The Importance of Setting in a Novel – Genclik Park, Turkey: THE BRIDE STANDS ALONE

 In Books, Writing

There is no novel without setting.

It could be a room, but even a room can be a complex setting.  Or it could be an image-stimulating cruise ship.

A cruise ship implies vacation, fun, relaxation, good food, entertainment, maybe gambling. But it doesn’t scream murder! (A cruise ship is the setting for my novel, At Risk: Passion and Peril at Sea. To utilize this setting, I drew upon my personal experiences on the high seas.

Writers take ordinary places, places people can relate to—like a shower, or places people might find interesting—like an art gallery, or intriguing—like a museum, or frightening—like an abandoned old house, and incorporate them into the novel. Writers must think about setting and how, what, where, when, and most importantly, why they’re using it. In most instances, description should be integrated into the action. When a setting is done well, readers are transformed to that location. They see it, smell it, move around with the characters, and experience what the characters experience.

For example: She jumped into the dry fountain at the center of the park, ran around the crumbling statue of Zeus, and leapt onto the moss-covered stone path at the back end. Running with every ounce of energy she had, she glanced back to check the distance between her and her pursuers, and slipped into the pond. She crawled out of the cesspool, hobbling at half the speed, certain she’d never escape.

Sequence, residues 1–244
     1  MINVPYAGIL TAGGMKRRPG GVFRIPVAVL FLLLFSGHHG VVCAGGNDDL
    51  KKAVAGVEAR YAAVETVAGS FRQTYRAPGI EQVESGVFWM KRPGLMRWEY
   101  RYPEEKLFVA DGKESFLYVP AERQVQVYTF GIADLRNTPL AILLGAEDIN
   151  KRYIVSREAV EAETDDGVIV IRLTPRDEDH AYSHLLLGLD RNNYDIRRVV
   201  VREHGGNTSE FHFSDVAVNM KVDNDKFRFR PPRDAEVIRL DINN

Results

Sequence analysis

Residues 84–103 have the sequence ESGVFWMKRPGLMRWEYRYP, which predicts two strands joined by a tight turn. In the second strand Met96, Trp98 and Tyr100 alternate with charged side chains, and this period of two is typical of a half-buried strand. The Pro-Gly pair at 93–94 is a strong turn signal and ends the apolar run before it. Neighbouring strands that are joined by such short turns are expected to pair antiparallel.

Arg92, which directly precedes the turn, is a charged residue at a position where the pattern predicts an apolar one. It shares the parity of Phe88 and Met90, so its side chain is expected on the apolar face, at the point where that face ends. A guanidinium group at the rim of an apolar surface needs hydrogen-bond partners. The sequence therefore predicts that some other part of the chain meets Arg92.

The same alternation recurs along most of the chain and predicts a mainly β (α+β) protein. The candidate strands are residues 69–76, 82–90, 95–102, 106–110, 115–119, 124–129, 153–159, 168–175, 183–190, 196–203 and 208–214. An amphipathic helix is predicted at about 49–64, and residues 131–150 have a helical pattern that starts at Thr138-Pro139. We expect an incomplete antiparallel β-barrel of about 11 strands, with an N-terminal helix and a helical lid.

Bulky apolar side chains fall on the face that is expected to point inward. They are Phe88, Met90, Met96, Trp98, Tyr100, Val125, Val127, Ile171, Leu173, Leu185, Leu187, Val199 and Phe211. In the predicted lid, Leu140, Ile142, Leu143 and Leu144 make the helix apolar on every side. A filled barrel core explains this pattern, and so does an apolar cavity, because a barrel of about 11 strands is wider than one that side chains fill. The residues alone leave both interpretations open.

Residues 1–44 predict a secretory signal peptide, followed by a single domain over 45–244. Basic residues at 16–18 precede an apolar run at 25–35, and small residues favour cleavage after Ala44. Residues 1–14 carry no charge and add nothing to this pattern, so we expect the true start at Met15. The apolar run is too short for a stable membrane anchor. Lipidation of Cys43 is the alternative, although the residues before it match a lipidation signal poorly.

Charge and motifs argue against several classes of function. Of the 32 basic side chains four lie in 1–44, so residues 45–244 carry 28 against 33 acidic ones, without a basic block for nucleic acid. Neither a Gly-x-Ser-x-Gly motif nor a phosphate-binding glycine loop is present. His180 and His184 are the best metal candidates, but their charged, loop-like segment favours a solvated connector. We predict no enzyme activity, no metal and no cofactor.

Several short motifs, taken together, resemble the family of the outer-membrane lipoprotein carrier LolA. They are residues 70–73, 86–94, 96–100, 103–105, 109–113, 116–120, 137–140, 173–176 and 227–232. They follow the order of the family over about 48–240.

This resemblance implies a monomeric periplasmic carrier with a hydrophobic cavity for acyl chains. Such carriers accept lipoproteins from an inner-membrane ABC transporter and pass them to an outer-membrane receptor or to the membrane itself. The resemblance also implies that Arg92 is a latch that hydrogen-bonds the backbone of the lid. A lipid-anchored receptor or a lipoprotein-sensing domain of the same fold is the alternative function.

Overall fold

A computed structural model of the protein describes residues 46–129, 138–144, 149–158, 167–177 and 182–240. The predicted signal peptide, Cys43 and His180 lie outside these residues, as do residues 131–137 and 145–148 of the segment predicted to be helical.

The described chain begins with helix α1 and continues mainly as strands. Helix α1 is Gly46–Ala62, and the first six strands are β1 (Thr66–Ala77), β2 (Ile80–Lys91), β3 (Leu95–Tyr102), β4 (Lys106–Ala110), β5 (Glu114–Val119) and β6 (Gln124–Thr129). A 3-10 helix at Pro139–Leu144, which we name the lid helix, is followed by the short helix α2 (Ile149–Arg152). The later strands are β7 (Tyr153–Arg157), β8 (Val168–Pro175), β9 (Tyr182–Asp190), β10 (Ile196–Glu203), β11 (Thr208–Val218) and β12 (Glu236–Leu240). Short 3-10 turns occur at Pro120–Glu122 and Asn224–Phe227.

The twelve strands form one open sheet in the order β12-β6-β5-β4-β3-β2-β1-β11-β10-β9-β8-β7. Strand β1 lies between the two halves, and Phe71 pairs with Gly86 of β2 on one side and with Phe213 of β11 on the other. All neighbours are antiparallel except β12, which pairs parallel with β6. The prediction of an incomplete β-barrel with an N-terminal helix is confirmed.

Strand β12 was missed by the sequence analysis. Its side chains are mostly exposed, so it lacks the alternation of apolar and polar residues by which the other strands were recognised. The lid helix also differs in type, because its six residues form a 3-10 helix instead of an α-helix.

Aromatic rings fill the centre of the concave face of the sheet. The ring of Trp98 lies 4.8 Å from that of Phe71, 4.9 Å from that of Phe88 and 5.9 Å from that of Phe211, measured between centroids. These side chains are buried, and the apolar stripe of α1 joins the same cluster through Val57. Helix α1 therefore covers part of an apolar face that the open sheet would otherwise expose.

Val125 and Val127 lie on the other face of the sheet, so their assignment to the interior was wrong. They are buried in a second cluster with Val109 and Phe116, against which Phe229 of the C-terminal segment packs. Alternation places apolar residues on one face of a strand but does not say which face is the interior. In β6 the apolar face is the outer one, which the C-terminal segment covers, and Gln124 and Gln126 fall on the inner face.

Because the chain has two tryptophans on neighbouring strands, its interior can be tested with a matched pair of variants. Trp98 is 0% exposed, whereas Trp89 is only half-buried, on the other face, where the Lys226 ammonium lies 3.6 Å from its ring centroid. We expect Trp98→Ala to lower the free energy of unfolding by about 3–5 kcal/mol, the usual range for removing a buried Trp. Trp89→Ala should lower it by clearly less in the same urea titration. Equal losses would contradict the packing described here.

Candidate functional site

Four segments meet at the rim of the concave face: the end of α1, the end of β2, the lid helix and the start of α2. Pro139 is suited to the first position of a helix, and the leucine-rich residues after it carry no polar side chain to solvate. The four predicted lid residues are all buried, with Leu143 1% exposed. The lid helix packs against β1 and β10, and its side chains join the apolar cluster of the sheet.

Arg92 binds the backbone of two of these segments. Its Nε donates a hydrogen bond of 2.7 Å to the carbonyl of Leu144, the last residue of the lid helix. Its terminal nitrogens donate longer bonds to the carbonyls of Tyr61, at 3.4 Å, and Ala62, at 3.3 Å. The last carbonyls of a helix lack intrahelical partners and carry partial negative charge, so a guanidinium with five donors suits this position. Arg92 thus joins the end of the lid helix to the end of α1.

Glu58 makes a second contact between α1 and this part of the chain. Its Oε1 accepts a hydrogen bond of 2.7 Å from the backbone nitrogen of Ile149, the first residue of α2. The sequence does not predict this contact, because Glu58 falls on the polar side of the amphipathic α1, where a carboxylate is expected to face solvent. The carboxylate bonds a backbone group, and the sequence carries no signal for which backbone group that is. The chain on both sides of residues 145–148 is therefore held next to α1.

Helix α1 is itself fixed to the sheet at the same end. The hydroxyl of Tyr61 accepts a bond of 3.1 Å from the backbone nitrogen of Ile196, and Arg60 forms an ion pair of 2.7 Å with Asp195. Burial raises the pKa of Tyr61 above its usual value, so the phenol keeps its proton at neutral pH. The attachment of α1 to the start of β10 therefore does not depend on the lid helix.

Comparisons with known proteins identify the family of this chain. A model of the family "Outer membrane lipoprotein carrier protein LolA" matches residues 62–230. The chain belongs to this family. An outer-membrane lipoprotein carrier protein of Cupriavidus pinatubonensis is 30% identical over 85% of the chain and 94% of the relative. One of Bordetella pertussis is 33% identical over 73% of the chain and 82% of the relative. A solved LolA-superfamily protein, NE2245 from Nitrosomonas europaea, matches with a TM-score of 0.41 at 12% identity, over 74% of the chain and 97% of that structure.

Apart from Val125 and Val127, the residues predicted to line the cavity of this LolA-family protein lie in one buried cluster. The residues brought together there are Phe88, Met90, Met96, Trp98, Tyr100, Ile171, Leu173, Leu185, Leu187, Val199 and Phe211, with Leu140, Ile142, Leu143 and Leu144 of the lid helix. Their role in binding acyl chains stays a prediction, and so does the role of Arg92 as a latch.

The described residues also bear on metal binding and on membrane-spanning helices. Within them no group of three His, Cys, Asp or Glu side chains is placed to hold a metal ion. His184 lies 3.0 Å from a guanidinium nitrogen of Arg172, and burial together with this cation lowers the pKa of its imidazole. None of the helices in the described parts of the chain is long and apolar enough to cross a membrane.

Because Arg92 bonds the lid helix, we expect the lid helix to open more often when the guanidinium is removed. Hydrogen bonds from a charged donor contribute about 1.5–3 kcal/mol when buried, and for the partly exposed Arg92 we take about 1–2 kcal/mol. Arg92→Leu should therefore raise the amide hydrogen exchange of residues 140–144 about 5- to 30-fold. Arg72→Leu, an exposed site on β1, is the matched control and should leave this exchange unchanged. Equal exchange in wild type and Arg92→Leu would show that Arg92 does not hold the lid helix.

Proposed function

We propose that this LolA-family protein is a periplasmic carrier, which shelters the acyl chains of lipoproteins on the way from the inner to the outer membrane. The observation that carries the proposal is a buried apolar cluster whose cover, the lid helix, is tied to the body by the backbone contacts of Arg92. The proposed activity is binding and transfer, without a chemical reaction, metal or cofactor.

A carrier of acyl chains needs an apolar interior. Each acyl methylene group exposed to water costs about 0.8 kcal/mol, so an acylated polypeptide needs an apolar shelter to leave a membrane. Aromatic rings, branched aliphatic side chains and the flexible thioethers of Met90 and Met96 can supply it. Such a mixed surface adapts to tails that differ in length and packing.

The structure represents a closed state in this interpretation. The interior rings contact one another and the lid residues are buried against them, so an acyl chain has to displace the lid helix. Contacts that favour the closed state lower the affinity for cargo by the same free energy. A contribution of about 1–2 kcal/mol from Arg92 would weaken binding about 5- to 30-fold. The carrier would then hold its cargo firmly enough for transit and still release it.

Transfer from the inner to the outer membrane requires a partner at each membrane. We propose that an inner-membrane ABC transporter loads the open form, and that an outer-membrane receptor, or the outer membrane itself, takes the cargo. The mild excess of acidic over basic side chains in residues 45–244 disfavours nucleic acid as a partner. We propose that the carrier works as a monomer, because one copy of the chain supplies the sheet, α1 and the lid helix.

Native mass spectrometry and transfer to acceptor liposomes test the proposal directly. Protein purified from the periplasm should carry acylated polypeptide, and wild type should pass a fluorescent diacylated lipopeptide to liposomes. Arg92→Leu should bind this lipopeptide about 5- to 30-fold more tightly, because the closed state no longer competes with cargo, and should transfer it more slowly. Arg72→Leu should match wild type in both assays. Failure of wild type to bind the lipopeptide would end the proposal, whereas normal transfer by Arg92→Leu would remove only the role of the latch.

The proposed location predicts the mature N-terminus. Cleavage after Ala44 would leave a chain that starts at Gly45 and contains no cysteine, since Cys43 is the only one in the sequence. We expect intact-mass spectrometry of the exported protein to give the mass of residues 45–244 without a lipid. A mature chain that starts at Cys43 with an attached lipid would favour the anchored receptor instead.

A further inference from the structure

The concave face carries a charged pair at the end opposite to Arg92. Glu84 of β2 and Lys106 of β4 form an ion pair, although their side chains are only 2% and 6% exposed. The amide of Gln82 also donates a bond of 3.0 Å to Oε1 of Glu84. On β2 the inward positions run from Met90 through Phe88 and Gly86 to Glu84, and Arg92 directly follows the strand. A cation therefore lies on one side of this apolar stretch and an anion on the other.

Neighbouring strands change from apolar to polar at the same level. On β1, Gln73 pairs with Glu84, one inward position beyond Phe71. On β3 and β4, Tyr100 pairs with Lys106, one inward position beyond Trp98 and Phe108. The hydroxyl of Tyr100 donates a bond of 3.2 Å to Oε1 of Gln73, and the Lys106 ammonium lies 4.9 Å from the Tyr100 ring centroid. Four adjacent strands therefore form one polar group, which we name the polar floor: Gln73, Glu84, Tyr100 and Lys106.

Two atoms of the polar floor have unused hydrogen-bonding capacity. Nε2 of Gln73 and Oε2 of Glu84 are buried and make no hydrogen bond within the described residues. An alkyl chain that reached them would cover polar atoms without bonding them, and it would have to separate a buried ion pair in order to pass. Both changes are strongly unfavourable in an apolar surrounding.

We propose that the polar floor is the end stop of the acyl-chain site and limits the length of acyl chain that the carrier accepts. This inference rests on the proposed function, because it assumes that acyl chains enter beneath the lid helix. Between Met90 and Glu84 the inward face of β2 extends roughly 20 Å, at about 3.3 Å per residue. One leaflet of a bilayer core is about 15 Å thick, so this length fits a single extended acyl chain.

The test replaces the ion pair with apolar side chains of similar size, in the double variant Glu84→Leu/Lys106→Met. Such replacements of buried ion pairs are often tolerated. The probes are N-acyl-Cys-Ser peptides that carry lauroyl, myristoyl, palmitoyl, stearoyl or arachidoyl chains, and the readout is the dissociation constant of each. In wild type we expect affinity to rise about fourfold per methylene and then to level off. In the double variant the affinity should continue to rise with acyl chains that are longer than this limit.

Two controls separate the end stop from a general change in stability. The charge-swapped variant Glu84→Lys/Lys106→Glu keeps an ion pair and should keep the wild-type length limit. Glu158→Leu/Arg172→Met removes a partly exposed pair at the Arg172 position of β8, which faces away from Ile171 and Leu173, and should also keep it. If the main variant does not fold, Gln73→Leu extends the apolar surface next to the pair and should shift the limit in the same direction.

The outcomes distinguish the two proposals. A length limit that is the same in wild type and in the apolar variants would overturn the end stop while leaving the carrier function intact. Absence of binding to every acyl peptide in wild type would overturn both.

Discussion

What did you imagine? How many details about the setting do you remember? What do you think it smelled like? Textures? What sounds can you imagine from the description?

Do you see how setting was an integral part of the action? If you do this with your writing, then it won’t be bogged down with lengthy descriptions of your setting, but instead it will come to life!

In the mid 1960’s my husband and I lived in Turkey. The sites, the sounds, the smells, the tastes of Turkey became an important inspiration to my writing. One place in particular is Genclik Park,located in the capital Ankara.  I describe it in my novel, The Bride Stands Alone: One is drawn by the sound of splashing water and fountains that change color, creating water ripples of crimson, saffron and aquamarine.  As a backdrop, trees festooned with tiny, brilliant blinking lights are designed to enchant.  Add music – rhythmic, wailing minor key gradations that provide background for a man smoking a water pipe as he sways to the music.  But in this carnival-like atmosphere, fear intrudes in the person of a menacing figure.

To find out how I use  Genclik Park in my suspense novel, The Bride Stands Alone, check out these links: Amazon or Goodreads.

*Photos of Genclik Park courtesy of TripAdvisor.

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